HILTON HEAD ISLAND, S.C. (WSAV) – A Beaufort County private school is under new management but with a familiar face and drive to help students.
Amanda Williams left Hilton Head High School after more than a decade amid controversy. One thing that was never in question was her ability to make kids better.
“That’s what perks me up in the morning. That’s my caffeine. That’s my high in life,” said Williams.
Now she has a second chance, bringing a new way of thinking to Heritage Academy.
“Why? This is what I think I’m put on earth to do, work with young people. It is my love, it’s where I’m confident and it is where I think I can make a difference,” explained Williams.
The new owner and headmaster of the small private school is leaving controversy in the past.
“You can’t live life looking in the rearview mirror, and you can’t make decisions moving forward and expect to be productive and have the worries about what everyone else is saying,” explained Williams.
“I am really trying to make this school so it’s awesome for my three kids,” said Williams. “And if it is going to be awesome for my kids, it’s going to be awesome for your kids, their kids, your kids.
“I want my children to go here and have the best doggone education ever.”
A small middle and high school — where students once came to combine education and “passions,” like individual sports — is changing, opening its doors to more people and a different type of educational curriculum.
“We eliminated the requirement to have a passion because we are working on a flexible schedule,” Williams said. “So let’s say you don’t necessarily play golf or tennis, that’s fine. But we also need to find what makes you passionate about something.”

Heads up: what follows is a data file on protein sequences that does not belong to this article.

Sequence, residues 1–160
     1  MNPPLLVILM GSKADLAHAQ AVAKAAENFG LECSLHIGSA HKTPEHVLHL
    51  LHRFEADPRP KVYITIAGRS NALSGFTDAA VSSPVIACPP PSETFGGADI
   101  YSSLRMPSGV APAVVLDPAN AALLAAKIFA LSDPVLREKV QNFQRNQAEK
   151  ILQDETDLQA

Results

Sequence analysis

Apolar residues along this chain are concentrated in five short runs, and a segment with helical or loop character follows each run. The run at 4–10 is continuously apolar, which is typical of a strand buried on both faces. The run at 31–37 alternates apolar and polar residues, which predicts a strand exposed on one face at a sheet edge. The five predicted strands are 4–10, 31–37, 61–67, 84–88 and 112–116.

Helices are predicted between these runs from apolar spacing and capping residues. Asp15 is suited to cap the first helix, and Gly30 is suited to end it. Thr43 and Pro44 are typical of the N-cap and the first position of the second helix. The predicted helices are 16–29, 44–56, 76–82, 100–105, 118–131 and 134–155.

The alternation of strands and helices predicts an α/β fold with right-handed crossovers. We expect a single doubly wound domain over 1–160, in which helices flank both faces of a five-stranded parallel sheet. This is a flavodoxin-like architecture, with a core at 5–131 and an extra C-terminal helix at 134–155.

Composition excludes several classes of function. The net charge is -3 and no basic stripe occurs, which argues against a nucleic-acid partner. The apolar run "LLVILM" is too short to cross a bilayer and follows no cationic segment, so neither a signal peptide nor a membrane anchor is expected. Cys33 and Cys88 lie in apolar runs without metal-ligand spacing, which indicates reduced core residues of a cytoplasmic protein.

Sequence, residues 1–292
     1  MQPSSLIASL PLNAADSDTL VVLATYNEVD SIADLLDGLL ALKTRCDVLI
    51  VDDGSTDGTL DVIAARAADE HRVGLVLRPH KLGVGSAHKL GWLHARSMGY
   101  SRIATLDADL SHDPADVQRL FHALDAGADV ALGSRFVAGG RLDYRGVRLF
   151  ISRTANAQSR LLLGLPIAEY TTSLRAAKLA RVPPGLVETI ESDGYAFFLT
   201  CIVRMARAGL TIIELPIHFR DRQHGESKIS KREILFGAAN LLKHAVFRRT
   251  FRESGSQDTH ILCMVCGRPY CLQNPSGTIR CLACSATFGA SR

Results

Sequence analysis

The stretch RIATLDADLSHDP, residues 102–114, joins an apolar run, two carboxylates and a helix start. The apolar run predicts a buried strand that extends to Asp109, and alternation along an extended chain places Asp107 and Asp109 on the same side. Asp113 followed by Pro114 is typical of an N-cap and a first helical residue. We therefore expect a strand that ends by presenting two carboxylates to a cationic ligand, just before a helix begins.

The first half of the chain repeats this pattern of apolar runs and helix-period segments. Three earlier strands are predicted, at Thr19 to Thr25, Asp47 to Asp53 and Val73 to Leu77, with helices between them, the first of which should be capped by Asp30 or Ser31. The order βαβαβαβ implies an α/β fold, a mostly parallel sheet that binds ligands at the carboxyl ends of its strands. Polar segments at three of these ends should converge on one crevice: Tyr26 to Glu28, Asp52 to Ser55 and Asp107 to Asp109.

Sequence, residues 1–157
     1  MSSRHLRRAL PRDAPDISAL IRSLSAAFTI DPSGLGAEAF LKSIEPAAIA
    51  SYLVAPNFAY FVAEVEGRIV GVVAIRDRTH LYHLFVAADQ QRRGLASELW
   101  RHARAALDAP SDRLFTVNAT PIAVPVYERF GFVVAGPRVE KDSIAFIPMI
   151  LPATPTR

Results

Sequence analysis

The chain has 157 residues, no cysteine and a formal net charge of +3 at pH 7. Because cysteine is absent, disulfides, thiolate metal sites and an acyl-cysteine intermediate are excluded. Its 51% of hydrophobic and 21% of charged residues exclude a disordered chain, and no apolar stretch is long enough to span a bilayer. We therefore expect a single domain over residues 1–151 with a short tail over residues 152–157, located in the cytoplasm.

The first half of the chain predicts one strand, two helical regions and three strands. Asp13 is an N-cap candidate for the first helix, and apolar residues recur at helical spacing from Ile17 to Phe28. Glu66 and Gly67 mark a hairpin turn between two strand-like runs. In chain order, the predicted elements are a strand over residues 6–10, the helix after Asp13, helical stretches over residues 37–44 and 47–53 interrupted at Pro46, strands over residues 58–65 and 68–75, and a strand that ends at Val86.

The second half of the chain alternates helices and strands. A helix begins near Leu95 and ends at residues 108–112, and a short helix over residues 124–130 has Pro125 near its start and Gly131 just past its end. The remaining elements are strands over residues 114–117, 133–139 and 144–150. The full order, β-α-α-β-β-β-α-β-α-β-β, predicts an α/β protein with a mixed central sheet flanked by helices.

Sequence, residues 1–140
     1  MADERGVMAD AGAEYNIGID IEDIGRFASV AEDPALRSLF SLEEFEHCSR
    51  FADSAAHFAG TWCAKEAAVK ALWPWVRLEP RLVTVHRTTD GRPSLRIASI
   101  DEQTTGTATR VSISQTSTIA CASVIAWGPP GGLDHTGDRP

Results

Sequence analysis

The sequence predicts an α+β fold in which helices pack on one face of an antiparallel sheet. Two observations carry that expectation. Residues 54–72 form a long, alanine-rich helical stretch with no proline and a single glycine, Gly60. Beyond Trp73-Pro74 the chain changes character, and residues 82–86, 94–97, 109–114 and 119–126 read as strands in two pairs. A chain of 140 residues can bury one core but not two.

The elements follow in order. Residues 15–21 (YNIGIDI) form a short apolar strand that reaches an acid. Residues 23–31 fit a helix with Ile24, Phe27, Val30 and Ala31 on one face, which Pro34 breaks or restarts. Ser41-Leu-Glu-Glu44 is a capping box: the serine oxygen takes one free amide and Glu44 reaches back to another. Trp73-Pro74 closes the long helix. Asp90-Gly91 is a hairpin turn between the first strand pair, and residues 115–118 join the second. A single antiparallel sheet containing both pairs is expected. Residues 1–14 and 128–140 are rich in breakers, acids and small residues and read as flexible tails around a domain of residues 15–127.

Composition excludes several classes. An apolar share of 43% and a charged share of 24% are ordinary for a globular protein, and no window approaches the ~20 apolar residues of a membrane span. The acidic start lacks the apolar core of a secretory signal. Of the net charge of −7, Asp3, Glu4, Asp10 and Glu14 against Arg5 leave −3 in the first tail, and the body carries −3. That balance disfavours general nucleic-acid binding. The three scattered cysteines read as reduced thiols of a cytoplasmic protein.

She says students can look to other options, perhaps part-time jobs or internships.
“Sitting there, growing roots and a paper and pencil is really the old-fashioned way of education, so I think it’s really forced us to rethink how we deliver instruction,” said Williams.
“We taught students by sitting in a room with 25 students and a whiteboard and a promethium board and an awesome teacher,” she explained. “They sat there for 90 minutes, they grew roots in the chair their bottoms got sore and they sat there for another 90 minutes and then another 90 minutes, all of a sudden kids realized they could take a break, they could get a burrito for lunch. They could do 14 things while listening they could get their homework done, they could multi-task and still show mastery.”
Learning models could include one-on-one instruction, small classes, online education or even flexible schedules.
“When you are done with your core subjects you have to do toward graduation, and you walk out of here, say at 12:05, what can you put on your resume that’s going to set you apart?” Williams asked. “Because clubs are no longer really available due to COVID, community service has almost diminished to nothing, so what can we do to put [you] a step ahead of everyone else?”
Williams believes Heritage can help students take that step, along with the support of a community she says wants to help kids now and long after they graduate.
“We have had an overwhelming amount of support. People are saying, ‘Amanda how can we help? We think you have a great idea, and we want to be a part of it,'” she said. “So I’m not turning anyone away. I’m taking a name and number and putting it in my list to conquer.”
Williams says there are more than 70 students enrolled currently from 6th through 12th grades. She is working on getting 50 new commitments for next year’s classes.
She has cut tuition almost in half from previous years and plans to add a new student sports program next year.
Heritage also has a new athletic director for the “Hammerheads,” Liz Nash, a former athletic coordinator at Hilton Head Prep.
If you are interested in learning more about the school, visit here. There will be an open house at the Hilton Head campus in-person on Feb. 20 and a virtual event on Feb. 23 and 25.